A device used to prevent stray light.
The class of subatomic particles in which protons and neutrons are included. The baryons form the atomic nucleus, along with another class of particles – the mesons. We, and everything we can see around us, are made of baryonic matter.
The Big Bang theory is the most accepted theory so far to describe the origin and evolution of the Universe. According to it, all the matter and energy in the Universe was originally contained in a very small 'point' – technically called a 'singularity' – at an almost infinite temperature and density. About 10 to 20 billion years ago this tiny Universe started to expand, and has not stopped expanding since. This theory was first drafted by Russian physicist George Gamow in the late forties, although only when the cosmic microwave background was discovered in 1964 did the astronomical community start to take it seriously. As of today, apart from the cosmic microwave background, two other pillars support the Big Bang theory: the current expansion of the Universe and the measured abundance of light elements.
See Critical density
One billion equals one million million (UK/Europe), and 1000 million (US).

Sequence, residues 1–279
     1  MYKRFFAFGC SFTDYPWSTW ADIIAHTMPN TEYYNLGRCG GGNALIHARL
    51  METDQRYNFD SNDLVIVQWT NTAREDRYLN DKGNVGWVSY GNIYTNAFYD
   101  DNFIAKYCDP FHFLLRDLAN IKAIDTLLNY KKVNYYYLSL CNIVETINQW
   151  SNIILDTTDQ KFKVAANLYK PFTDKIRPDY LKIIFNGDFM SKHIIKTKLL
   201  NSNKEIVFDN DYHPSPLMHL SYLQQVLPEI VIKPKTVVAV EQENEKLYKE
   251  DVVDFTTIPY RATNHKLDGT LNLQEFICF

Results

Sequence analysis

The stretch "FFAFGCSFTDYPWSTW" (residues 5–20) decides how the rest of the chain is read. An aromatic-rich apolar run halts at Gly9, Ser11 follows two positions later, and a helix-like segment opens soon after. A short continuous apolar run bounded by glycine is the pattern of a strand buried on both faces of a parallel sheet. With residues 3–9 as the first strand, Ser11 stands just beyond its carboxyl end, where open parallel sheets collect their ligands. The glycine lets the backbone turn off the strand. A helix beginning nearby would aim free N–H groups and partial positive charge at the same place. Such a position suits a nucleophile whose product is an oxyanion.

Pair of stars bound together by mutual gravitation and orbiting their common centre of mass.
An object with so much mass concentrated in it, and therefore such a strong gravitational pull that nothing, not even light can escape from it. One way in which black holes are believed to form is when massive stars collapse at the end of their lives.
Type of active galaxy named after an object in the constellation of Lacerta, the BL Lacertae object. They form a subset of the quasar population. The emission of blazars is highly variable. The activity may be caused by jets of gas being expelled from the central region of the active galaxy, i.e. the supermassive black hole in the active galactic nucleus.
When a distant object moves toward the observer the lines in its spectrum shift to shorter (bluer) wavelengths. This is because of the apparent compression of the wave of light. As a result of this compression the wavelength shortens and thus shifts towards the blue side of the electromagnetic spectrum. The blueshift of an astronomical object is an indication of the speed at which this object is approaching the observer.
A kind of detector mainly used to measure infrared radiation. A bolometer works by heating up as it absorbs the radiation that reaches it. The increase in temperature is measured by an internal electrical resistance, and is a measure of the amount of radiation absorbed.
The German word 'Bremsstrahlung' means 'braking radiation'. A fast, charged particle, for example an electron, is slowed down when it passes through matter. The energy lost by the particle is emitted as electromagnetic radiation, or Bremsstrahlung.
A kind of 'failed' star: a small and opaque object whose mass is not sufficient to start, in its core, the nuclear reaction to transform hydrogen into helium. A brown dwarf cannot therefore produce enough energy to shine as a star. A brown dwarf's mass is not more than 0.08 solar masses.